In this matchup, second-seed Eager are behind third-seed Cloud9 two games to one. They need this game to force a fifth match in the series. They’re ahead here, but pull off a smart play that further cements their lead. When solo laner Omega is jumped by three members of Cloud9, Eager perfectly capitalizes on the moment by taking the Gold Fury to give their team a significant gold lead. The other two members of Cloud9 come in to try to kill Eager’s squishier gods, with high damage-dealing mage Zhong Kui. A perfectly timed shield from Eager’s support Geb, played by PolarBearMike, saves Isis (mid-laner Lassiz) from death. It’s an impressive shield, especially because Zhong Kui’s ultimate deals damage over time. PolarBearMike made a few clutch Geb shields in this match that helped Eager win and take it to a fifth, but things fell apart there.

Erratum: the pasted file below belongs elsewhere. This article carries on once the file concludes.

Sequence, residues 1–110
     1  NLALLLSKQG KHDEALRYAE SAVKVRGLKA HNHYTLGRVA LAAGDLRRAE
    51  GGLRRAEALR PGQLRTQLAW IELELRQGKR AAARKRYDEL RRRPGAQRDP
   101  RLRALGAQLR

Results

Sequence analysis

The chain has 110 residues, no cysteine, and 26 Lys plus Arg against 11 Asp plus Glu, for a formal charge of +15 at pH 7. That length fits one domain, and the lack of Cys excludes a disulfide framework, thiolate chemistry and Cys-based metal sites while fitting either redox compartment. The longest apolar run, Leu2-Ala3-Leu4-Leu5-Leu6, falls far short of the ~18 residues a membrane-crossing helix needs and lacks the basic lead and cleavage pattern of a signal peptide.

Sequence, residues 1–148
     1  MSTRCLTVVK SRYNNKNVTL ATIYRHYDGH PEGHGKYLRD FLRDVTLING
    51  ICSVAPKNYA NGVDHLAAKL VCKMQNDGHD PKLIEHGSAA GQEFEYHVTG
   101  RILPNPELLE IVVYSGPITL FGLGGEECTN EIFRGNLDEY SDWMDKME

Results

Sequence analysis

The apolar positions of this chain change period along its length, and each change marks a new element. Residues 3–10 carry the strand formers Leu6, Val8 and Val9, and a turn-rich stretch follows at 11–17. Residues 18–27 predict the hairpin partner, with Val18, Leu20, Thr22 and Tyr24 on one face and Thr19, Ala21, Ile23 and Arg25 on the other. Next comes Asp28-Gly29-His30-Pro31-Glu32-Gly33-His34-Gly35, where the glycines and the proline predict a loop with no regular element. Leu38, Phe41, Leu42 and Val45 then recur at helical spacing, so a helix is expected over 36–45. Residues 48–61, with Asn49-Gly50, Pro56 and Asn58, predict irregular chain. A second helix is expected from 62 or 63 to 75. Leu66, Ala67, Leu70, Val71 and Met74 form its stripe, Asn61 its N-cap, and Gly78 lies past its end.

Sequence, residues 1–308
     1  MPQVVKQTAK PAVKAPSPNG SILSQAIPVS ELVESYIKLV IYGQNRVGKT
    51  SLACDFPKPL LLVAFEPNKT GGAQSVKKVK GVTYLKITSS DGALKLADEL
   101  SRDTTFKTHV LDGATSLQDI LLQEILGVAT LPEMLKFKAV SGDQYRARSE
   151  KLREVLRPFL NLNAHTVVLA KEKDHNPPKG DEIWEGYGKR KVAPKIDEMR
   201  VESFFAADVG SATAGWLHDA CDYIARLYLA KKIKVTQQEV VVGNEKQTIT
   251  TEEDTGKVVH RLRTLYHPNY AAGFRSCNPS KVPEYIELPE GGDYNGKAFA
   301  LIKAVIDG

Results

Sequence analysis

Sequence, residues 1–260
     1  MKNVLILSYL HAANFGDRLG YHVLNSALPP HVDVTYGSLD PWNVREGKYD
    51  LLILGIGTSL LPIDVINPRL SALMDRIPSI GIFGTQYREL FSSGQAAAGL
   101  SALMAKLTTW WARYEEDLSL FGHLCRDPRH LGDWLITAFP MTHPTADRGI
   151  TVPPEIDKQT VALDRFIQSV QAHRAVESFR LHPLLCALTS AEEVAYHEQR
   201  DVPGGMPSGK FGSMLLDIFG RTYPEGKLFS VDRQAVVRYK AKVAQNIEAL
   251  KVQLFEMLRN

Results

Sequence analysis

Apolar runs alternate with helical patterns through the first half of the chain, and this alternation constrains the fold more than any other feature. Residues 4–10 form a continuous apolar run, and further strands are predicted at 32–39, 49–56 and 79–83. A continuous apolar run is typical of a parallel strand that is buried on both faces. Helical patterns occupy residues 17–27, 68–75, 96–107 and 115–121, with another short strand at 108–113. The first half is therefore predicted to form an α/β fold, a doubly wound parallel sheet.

Envy's Mercury and his fists of fury

EnvyUs vs. Enemy: NA semifinals

This fight doesn’t look great for EnvyUs; Enemy gets two kills almost immediately and Mercury is outside the fight, low on health and with most of his abilities on cooldown. Then Weak3n playing Mercury ults through the fight, which sets him dashing quickly along a straight line and injuring any god he touches. He gets a kill and run away, with Serquet chasing for what should be a sure kill. But with a tiny sliver of health, Mercury turns around and melee attacks Serquet, killing her at the last second with a single basic hit.